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Books Books 1 - 10 of 105 on They will bring with them the principles of the governments they leave, imbibed in....  
" They will bring with them the principles of the governments they leave, imbibed in their early youth ; or, if able to throw them off, it will be in exchange for, an unbounded licentiousness, passing, as is usual, from one extreme to another. It would... "
The Public Men of the Revolution: Including Events from the Peace of 1783 to ... - Page 237
by William Sullivan - 1847 - 463 pages
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The American geography: or, a view of the present situation of the United ...

Jedidiah Morse, Friends' Free Library, Germantown, provenance - United States - 1792 - 536 pages
...expert the greaieft number of emigrants. They will bring with them the principles of the governmenfi they leave, imbibed in their early youth; or, if able to throw them off, it will be in exchange tor an unbounded licentioufnefs, paffing, as is ulual, from one extreme to another. It would be a miracle...
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Notes on the State of Virginia

Thomas Jefferson - Virginia - 1801 - 364 pages
...ехрей the greateft number of emigrants. They will bring with them the principles of the governments they leave, imbibed in their early youth ; or, if able to throw them off, it will be ia exchange for an unbounded licentioumefs, paffing, as is ufual, from one extreme to another. It would...
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Notes on the State of Virginia: With an Appendix Relative to the Murder of ...

Thomas Jefferson - Slavery - 1803 - 356 pages
...expect the greatest number, of emigrants. They will bring with them the principles of the governments they leave, imbibed in their early youth ; or, if...stop precisely at the point of temperate liberty. These principles, with their language, they will transmit to their children. In proportion to their...
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American Medical and Philosophical Register: Or, Annals of ..., Volume 1

David Hosack, John Wakefield Francis - Medicine - 1814
...number of emigrants. They will bring with them the principles of the governments they have imbibed in early youth, or if able to throw them off, it will...passing, as is usual, from one extreme to another." Most of us know whether this prediction has been verified. Mr. Schultz has been at a considerable expense...
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Notes on the State of Virginia

Thomas Jefferson - Slavery - 1832 - 280 pages
...expect the greatest number of emigrants. They will bring with them the principles of the governments they leave, imbibed in their early youth ; or, if...stop precisely at the point of temperate liberty. These principles, with their language, they will transmit to their children. In proportion to their...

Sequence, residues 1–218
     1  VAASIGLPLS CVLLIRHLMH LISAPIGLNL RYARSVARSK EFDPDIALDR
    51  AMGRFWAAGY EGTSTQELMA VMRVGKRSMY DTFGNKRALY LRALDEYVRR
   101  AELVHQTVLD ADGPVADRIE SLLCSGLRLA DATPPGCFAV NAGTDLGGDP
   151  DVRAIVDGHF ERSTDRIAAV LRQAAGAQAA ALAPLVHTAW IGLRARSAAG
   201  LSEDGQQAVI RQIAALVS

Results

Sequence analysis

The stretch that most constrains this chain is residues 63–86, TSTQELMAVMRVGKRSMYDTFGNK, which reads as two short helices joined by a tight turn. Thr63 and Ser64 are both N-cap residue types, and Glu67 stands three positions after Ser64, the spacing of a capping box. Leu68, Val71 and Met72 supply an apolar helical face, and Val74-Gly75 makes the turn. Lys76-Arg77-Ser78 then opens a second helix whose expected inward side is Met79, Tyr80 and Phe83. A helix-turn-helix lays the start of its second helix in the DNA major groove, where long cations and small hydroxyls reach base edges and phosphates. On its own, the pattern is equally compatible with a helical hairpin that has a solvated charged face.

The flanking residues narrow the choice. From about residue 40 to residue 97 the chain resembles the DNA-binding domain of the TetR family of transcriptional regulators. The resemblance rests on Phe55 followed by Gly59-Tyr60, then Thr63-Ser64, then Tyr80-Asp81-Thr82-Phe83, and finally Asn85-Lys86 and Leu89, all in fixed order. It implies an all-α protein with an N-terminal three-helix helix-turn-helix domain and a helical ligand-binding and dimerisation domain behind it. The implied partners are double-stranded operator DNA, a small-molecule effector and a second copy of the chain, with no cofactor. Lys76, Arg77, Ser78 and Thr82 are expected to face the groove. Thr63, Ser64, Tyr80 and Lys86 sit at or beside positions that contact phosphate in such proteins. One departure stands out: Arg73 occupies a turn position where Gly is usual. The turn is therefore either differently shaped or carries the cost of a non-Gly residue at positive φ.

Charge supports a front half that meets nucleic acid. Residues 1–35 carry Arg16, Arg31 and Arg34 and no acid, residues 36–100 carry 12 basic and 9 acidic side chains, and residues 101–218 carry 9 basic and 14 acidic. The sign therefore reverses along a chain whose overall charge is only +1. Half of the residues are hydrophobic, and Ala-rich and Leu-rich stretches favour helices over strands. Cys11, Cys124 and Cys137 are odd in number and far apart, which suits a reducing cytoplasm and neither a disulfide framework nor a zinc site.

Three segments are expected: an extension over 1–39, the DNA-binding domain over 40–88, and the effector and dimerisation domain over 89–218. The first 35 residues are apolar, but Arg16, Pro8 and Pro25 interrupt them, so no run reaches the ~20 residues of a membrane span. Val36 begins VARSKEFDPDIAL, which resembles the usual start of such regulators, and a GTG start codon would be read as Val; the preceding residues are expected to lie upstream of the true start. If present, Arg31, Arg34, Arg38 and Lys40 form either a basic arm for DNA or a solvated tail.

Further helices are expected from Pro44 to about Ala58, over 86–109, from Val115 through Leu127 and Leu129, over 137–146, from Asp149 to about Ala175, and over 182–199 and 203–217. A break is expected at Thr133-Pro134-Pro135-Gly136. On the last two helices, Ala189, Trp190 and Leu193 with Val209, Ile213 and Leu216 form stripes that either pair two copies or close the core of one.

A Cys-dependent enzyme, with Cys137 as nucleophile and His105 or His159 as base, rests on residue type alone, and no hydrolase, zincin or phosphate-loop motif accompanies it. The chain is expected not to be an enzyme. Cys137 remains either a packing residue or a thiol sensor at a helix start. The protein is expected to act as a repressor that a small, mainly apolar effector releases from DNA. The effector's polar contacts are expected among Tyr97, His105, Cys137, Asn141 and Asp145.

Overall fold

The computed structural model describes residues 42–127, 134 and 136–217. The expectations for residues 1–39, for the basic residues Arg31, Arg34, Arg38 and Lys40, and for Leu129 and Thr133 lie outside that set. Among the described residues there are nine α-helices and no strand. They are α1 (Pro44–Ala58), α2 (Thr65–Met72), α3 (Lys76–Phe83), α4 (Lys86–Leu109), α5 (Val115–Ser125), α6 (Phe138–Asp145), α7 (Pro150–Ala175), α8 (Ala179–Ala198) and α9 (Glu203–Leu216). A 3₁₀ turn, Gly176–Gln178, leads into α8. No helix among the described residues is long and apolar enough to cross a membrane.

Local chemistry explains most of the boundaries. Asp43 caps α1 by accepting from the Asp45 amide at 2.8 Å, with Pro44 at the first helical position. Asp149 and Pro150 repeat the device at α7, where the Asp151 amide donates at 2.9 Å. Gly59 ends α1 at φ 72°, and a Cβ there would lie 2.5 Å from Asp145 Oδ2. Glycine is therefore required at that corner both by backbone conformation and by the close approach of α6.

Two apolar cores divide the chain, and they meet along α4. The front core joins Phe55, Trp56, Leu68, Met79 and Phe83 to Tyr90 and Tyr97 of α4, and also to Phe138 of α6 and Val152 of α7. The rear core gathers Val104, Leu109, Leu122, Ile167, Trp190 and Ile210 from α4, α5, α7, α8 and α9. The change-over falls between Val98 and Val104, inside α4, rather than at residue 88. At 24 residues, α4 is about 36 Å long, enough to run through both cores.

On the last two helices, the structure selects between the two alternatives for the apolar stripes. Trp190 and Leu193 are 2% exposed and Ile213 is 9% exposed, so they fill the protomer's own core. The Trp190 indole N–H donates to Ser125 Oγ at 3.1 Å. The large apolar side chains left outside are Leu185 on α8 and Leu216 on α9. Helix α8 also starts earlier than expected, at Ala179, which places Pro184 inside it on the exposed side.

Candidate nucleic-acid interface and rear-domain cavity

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Familiar Letters on Public Characters, and Public Events, from the Peace of ...

William Sullivan - United States - 1834 - 345 pages
...policy ; and among others, these : " It is for the happiness of those united in society to har" monize, as much as possible, in matters which they must "...them off, it will be in exchange for an unbounded licen" tiousness, passing, as is usual, from one extreme to another. " It would be a miracle were they...
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The American Monthly Magazine, Volume 4; Volume 10

American literature - 1837
...governments they have imbibed in their early youth; or, if to throw tkem off, they will be exchanged for an unbounded licentiousness, passing, as is '...stop precisely at the point of temperate liberty. These principles, with their language, they will transmit to their children. In proportion to their...
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Address of the Louisiana Native American Association: To the Citizens of ...

Louisiana Native American Association - Naturalization - 1839 - 20 pages
...imbibed in their early youth, or if able to throw them of£ it will be in exchange for an unbridled licentiousness, passing as is usual from one extreme...stop precisely at the point of temperate liberty. In May 1797, when the first law of naturalization, had not been in practice seven years, Jefferson, speaking...
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Address of the Louisiana Native American Association: To the Citizens of ...

Louisiana Native American Association - Naturalization - 1839 - 20 pages
...the greatest number of immigrants. They wfll bring with them the principles of government they have imbibed in their early youth, or if able to throw them off, it will be in exchange for an unbridled licentiousness, passing as is usual from one extreme to another. It would be a miracle, were...
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The Works of Alexander Hamilton: Political essays [etc., 1792-1804] Contents ...

Alexander Hamilton - Finance - 1851
...emigrants. They will bring with them tiie principles of tiie govern- , ments they leave, imbibed in tiieir early youth ; or if able to throw them off] it will...from one extreme to another. It would be a miracle vxre they to stop precisely at the point of temperate liberty. Their principles with their language,...
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